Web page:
In the World

Markets bounced back from December’s steep sell-off, embodying the old adage that good things come to those who wait. A dovish pivot by the Federal Reserve – with a focus on “patience” in Fed officials’ comments as well as the official statement in January – combined with optimism over U.S-China trade negotiations bolstered investor sentiment and contributed to impressive gains in equities. The U.S. led the rally in developed markets as the S&P 500 index rose 8.0%, marking its best January in over 30 years; MSCI Emerging Markets Index also surged 8.8%. Still, U.S. stocks remained nearly 8% below their 2018 peak in September. The robust “risk-on” sentiment reverberated across other asset classes: Credit spreads tightened, with lower-credit-quality corporate debt outperforming higher-quality; emerging market currencies appreciated against the U.S. dollar; and U.S. inflation expectations rose. Brent crude oil prices also rallied over the month, recovering to $62 per barrel on the back of OPEC production cuts and new U.S. sanctions on Venezuela’s oil industry. However, even as sentiment improved, bond yields fell across many developed economies as corporate earnings were mixed and evidence grew of a slowdown in global economies. The dovish tilt from the Fed and other central banks also contributed to the move lower in rates.

The Fed preached “patience” in light of tighter financial conditions and only modest inflation. The Fed indicated that the case for raising rates had recently “weakened somewhat” and that it would be patient in assessing the need for any further hikes. The Federal Open Market Committee (FOMC) went so far as to remove language calling for “some further gradual increases” in its official statement and signaled it would be flexible with the wind-down of its balance sheet. The shift in tone from December – when the Fed indicated a bias to tighten further and referred to balance-sheet reduction on “autopilot” – helped spur the rally in global equities. The Fed’s caution followed a string of weak economic data globally. China grew at 6.6% in 2018 – its slowest pace in nearly three decades – and Germany’s economic growth slipped to a slower-than-expected 1.5%. Business activity reflected in Purchasing Managers’ Indexes (PMIs) also pointed to a broad-based slowdown: Euro area PMIs edged lower, while manufacturing PMIs in the U.S. and China fell sharply. The European Central Bank (ECB) flagged risks that “have moved to the downside,” citing trade tensions, Brexit and market volatility. Still, continued labor market strength helped mitigate some concern. The U.S. added 312,000 jobs in December, and wages grew at the quickest pace since 2009; in Europe, unemployment fell to 7.9%, its lowest level since October 2008.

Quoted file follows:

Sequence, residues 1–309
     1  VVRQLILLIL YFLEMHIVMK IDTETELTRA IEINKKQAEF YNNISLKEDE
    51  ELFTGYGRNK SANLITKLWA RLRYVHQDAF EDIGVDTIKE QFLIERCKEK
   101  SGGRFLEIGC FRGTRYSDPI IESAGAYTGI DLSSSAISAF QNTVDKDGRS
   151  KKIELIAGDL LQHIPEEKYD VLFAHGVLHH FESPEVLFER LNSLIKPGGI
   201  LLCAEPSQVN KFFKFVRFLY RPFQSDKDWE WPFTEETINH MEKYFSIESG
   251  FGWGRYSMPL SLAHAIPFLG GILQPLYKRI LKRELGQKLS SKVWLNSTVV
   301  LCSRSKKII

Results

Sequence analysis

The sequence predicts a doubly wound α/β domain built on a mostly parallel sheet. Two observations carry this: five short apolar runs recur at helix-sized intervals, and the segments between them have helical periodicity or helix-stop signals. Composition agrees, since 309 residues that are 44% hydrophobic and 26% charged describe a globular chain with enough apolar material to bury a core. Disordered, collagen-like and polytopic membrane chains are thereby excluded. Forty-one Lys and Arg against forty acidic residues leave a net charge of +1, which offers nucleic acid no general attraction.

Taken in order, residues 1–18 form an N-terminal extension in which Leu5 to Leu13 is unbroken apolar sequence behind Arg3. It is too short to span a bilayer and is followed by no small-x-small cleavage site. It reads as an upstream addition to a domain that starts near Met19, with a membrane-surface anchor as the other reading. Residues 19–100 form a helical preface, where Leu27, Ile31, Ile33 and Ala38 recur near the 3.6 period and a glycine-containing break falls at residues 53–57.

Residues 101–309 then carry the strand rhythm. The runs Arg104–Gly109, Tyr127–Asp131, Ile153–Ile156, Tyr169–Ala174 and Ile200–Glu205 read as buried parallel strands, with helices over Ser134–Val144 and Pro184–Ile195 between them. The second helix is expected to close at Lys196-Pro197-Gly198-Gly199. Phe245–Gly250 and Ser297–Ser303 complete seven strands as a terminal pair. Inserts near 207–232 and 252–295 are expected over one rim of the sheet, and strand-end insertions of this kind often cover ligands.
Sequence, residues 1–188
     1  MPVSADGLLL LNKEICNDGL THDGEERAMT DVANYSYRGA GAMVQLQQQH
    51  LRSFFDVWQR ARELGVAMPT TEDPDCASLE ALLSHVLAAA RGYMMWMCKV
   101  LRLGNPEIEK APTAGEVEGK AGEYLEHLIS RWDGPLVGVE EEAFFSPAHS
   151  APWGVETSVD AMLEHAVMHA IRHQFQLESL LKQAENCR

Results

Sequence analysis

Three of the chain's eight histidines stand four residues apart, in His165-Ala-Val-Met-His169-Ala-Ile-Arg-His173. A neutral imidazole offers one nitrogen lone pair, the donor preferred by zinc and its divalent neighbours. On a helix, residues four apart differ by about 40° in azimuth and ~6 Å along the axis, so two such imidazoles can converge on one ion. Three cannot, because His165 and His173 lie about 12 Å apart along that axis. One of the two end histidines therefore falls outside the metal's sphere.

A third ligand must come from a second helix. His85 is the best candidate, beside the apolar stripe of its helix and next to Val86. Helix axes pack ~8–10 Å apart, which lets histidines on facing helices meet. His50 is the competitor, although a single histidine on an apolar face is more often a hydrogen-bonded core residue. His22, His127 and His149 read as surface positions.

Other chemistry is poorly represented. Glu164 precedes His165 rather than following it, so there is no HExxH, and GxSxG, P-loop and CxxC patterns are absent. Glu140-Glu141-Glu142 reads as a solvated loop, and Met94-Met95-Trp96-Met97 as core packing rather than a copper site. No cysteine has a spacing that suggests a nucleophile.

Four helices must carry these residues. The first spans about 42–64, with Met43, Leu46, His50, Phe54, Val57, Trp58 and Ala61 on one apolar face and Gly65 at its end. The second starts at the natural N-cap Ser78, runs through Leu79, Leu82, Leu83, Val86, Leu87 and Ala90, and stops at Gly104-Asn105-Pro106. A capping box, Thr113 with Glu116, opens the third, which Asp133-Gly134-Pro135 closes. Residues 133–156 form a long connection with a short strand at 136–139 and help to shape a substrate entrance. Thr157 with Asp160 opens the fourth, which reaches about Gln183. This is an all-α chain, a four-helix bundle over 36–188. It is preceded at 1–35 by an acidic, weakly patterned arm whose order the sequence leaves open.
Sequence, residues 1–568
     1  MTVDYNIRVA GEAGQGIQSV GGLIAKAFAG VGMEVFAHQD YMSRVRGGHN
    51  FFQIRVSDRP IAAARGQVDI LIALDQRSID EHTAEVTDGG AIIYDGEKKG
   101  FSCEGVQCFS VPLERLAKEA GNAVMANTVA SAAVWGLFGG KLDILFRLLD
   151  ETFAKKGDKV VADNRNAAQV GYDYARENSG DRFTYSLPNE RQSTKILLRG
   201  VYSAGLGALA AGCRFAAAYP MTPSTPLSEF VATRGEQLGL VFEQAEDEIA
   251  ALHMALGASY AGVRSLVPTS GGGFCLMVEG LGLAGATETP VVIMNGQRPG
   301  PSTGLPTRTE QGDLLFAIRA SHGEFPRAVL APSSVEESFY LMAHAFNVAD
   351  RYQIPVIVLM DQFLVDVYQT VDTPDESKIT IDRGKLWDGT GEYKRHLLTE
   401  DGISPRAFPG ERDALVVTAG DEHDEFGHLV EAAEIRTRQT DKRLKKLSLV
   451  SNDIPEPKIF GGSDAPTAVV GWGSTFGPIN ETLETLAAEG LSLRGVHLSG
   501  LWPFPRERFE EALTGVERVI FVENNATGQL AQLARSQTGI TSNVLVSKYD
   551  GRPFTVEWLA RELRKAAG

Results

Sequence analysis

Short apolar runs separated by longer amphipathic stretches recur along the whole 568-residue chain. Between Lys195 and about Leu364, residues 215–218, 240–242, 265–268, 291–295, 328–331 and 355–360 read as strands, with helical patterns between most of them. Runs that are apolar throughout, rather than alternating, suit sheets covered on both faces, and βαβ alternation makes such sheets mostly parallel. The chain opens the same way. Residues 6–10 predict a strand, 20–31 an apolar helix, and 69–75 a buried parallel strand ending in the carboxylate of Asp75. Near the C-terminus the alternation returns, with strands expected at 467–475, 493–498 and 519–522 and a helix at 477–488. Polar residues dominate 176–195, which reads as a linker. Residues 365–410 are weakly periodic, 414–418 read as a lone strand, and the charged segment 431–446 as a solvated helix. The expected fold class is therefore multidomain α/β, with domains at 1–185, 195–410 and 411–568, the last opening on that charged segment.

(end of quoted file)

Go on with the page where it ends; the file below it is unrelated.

U.S.-China trade progress, a political crisis in Venezuela and the reopening of Brexit negotiations captured headlines. There was some optimism around U.S.-China trade negotiations as high-level delegates from Beijing and Washington met to advance trade talks following the 90-day “truce” in December. Complicating matters somewhat, however, the U.S. Justice Department brought criminal charges against Chinese telecommunications company Huawei for allegedly stealing trade secrets and evading U.S. economic sanctions on Iran, among other charges. Meanwhile, U.S. President Donald Trump reopened the government after its longest shutdown in history, and agreed to temporary funding through February 15 in exchange for negotiations on immigration legislation. In Venezuela, following the inauguration of incumbent President Nicolás Maduro, opposition leader and head of the National Assembly Juan Guaidó declared himself interim president. He was swiftly recognized by many countries, including the U.S., Brazil and Canada, while Russia and China reiterated their support for Maduro. In Britain, the government held a series of votes: Parliament voted down Prime Minister Theresa May’s negotiated withdrawal agreement with the European Union, failed to pass a no-confidence motion to remove May from office, and ruled out a “no- deal” Brexit.

Expectations Cut

Expectations Cut
In early November 2018, the 10-year U.S. Treasury yield hit a five-year high, and market expectations for future rate hikes were broadly in line with the Federal Open Market Committee’s “dot plot,” released in December, which signaled two rate increases in 2019. However, as equity market volatility and tightening financial conditions took hold at the end of 2018, market expectations for future rate hikes fell sharply, and U.S. Treasury bonds rallied. By early January, Federal Reserve Chairman Jerome Powell and other Fed officials appeared to switch gears, signaling patience and flexibility in determining the pace of future hikes (if any were even to occur). Following several such comments, including at the Fed’s post-meeting press conference, markets ended January with a dramatically different projection than just two months prior: Expectations leaned toward the Fed ending its rate hiking cycle and even went so far as to price the next move as a rate cut in 2020.